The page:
The techniques used in the service are intended to dramatically improve load times, especially on congested networks; this is particularly useful in mobile, but it is not mobile-specific. As with FEO, the goal is to allow the end-user to quickly see and interact with the content while the remainder of the page is still downloading.
On the client side, there’s what they call a “NanoVisor” — an HTML5-based thin virtualization layer that runs in the browser. If Instart Logic is full-proxying the customer’s site, the NanoVisor code can simply be injected; otherwise the customer can insert the code into their site. It requires no other changes to the customer’s site. The NanoVisor provides intelligence about the end-user and serves as the client endpoint for the optimization.
On the server side, the “AppSequencer” analyzes page content, and it fragments and orders objects that are then streamed to the NanoVisor. It does large-scale analysis of usage patterns, and it predictively sends things based on the responses that it’s seen before. There’s compression and network optimization techniques, as well as implicit caching.
Like other recent innovators in the CDN space, Instart Logic is predominantly a software company. Whlie they do have servers of their own, they are also using a variety of cloud IaaS providers for capacity. They’re also using Dyn for DNS.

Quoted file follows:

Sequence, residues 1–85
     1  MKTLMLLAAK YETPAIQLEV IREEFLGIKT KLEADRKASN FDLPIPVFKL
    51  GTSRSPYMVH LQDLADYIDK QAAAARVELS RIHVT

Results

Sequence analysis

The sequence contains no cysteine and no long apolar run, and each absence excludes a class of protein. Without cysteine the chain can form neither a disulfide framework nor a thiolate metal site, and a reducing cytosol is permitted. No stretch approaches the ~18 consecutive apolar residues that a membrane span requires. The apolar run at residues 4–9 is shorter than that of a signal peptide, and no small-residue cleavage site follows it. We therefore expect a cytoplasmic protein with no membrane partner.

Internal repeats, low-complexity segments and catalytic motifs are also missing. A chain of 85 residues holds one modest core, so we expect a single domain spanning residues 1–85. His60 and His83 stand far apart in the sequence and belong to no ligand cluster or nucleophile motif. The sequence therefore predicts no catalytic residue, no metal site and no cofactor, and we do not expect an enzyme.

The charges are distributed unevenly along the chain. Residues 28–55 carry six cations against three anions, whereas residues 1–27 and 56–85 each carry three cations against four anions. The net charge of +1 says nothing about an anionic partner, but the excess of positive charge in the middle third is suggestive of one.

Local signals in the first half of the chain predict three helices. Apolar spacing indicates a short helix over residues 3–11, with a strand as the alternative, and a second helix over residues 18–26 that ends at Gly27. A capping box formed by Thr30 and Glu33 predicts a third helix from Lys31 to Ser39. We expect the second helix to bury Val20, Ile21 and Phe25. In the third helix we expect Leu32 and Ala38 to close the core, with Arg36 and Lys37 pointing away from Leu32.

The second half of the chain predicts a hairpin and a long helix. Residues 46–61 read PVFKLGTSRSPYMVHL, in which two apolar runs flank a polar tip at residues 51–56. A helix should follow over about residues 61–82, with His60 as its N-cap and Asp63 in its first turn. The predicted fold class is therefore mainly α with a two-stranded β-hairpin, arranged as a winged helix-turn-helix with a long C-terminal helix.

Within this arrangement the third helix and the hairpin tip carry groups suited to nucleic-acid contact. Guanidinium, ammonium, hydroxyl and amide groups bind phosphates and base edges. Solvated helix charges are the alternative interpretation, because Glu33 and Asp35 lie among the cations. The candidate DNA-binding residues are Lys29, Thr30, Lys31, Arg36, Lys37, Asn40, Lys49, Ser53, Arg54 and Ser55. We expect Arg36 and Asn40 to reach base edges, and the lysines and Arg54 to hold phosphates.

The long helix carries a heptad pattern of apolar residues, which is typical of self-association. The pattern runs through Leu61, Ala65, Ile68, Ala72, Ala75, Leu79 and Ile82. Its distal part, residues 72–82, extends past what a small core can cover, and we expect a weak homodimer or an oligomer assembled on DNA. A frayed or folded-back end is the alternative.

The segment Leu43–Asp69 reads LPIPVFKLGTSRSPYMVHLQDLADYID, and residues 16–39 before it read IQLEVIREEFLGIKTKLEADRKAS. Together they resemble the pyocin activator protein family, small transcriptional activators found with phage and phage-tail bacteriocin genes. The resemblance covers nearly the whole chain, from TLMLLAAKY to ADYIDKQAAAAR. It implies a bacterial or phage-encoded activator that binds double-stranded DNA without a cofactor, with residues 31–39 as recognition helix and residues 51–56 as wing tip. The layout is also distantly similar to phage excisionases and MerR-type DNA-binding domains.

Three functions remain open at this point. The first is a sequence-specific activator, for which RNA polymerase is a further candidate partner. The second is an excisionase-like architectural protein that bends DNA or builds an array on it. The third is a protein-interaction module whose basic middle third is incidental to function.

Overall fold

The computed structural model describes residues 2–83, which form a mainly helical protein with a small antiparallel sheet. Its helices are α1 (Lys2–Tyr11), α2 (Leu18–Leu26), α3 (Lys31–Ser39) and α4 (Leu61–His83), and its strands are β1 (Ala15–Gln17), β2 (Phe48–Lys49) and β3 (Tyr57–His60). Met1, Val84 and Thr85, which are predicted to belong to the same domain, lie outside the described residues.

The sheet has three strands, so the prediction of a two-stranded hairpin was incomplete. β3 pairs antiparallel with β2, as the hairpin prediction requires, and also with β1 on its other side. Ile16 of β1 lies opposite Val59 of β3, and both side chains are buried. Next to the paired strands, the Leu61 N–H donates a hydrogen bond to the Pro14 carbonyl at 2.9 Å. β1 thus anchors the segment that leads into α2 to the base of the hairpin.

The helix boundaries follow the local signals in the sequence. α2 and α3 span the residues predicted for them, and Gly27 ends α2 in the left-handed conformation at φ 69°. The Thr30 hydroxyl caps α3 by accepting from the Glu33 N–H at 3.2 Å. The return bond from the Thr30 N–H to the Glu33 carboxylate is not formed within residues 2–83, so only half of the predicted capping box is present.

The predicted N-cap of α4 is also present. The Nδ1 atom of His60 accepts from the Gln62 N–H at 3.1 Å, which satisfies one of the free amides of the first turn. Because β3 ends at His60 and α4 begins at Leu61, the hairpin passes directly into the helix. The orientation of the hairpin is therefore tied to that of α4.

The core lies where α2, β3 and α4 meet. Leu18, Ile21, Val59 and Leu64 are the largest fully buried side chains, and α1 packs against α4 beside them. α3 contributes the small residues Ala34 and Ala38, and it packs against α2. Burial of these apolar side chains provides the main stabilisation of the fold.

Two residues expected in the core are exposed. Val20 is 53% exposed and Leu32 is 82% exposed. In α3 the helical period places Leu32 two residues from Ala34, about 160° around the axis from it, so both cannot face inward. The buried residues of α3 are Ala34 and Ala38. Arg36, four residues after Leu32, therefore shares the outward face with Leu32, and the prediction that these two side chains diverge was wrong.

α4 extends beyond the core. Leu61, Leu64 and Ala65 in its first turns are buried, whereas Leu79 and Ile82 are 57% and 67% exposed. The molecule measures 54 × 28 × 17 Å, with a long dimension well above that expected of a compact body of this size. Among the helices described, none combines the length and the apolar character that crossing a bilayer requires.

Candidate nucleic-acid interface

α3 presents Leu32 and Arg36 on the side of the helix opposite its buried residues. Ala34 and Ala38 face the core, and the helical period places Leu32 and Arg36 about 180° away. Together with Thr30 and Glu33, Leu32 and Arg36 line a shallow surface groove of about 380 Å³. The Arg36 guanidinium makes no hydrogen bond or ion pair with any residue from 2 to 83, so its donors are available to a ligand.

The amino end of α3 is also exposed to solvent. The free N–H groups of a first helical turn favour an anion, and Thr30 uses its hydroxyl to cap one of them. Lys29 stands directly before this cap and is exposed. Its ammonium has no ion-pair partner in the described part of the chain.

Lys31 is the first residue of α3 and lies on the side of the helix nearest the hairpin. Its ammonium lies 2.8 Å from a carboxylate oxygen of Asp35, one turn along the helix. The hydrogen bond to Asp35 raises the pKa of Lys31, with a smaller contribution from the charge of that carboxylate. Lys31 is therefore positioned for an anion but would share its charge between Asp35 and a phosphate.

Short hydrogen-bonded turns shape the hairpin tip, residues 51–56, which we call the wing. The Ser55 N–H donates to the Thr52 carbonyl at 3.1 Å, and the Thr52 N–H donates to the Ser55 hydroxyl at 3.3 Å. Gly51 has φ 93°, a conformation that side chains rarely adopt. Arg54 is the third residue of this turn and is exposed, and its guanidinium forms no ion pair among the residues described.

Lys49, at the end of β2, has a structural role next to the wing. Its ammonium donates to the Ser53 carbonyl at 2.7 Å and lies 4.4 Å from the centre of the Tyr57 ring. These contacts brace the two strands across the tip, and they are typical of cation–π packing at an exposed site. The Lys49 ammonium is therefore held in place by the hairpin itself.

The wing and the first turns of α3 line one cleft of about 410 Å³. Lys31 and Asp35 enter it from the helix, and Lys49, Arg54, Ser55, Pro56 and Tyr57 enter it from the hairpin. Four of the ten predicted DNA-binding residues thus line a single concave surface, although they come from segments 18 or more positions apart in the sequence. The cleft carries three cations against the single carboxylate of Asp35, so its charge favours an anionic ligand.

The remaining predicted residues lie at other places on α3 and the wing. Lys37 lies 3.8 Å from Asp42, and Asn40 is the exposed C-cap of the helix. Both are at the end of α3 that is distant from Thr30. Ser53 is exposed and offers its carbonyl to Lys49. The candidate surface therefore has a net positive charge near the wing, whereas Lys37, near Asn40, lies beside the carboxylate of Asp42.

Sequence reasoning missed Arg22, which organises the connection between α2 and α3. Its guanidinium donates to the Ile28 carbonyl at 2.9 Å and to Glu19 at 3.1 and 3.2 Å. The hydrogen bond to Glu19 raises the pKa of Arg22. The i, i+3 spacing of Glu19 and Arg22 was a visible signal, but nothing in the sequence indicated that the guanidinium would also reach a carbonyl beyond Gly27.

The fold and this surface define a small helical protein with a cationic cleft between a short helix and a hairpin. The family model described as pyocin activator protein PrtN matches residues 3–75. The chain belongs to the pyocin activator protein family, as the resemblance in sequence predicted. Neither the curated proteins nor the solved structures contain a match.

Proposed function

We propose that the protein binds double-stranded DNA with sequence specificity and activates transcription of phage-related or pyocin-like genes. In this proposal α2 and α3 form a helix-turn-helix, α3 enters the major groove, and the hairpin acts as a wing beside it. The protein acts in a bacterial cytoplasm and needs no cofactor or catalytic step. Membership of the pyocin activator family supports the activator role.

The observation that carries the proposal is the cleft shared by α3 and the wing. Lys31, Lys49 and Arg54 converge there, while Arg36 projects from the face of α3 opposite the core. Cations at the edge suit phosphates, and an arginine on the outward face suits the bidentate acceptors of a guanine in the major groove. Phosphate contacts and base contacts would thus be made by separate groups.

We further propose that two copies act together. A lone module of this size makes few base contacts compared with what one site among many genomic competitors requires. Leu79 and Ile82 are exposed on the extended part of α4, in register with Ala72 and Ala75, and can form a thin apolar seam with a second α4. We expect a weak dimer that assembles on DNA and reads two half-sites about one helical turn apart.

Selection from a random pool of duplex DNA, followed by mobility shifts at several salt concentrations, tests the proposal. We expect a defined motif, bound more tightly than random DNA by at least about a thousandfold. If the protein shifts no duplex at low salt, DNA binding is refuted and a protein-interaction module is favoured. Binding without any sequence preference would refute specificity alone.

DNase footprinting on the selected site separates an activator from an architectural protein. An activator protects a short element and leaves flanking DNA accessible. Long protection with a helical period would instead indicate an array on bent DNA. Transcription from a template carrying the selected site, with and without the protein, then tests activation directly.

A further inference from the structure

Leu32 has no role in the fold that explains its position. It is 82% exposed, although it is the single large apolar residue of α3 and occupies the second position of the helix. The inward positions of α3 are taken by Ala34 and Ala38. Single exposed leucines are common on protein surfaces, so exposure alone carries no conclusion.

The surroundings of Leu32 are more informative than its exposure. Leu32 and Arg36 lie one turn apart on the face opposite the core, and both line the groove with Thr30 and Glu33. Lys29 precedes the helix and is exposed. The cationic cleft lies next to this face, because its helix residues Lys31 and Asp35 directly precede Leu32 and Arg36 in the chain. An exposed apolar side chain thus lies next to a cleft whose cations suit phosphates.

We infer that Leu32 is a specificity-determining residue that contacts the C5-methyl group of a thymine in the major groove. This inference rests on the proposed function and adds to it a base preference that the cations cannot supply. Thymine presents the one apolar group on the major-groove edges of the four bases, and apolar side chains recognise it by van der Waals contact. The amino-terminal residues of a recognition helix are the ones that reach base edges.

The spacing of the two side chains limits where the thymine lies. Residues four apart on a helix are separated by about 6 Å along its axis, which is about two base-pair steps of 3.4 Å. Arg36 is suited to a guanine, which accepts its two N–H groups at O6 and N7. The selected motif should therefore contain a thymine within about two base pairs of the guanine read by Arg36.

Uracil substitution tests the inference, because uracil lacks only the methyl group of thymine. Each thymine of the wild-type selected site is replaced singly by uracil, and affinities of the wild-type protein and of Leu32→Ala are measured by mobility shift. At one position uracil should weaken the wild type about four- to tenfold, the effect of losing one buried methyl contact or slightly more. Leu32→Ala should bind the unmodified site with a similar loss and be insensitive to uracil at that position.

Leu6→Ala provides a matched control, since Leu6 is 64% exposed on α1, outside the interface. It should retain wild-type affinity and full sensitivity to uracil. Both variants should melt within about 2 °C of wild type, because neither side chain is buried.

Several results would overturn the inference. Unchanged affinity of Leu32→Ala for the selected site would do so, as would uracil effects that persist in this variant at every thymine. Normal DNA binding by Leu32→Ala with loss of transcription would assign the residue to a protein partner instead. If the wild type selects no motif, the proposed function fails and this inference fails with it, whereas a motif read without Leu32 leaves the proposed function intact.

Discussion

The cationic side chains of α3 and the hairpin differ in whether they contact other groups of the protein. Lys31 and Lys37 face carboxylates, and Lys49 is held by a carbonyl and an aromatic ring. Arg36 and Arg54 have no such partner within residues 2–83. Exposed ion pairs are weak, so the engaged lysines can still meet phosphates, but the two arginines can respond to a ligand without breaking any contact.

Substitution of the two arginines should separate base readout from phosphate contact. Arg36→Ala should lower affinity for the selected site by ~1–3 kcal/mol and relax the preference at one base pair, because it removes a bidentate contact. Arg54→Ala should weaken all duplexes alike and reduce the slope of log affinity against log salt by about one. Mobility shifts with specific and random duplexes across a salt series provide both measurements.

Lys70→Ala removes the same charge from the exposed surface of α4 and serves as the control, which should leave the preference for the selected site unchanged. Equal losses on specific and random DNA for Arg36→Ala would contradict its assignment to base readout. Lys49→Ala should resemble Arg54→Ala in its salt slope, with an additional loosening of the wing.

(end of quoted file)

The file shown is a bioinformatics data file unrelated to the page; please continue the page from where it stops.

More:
Instart Logic has raised a significant amount of money, almost purely from top-tier VCs — $26 million to date. I think their technology is very promising, which probably means they’ll get a bit of time to prove themselves out and then they’ll get bought by one of the CDNs looking to get an edge on the competition, or maybe even an ADC or WOC vendor.
Instart Logic’s demos are impressive, and they’ve got paying customers at this point, although obviously they’re newly-launched. While it always takes time to build trust in this industry, at this point they’re worth checking out, and I’ve been referring Gartner clients to them ever since I was briefed by them while they were still in stealth mode, a few months back. They’re potentially an excellent fit for customers who are looking for something beyond what DSA-style network optimization offerings can do, but either do not want to do FEO, have reached the limits of what FEO can offer them, or simply want to explore alternatives.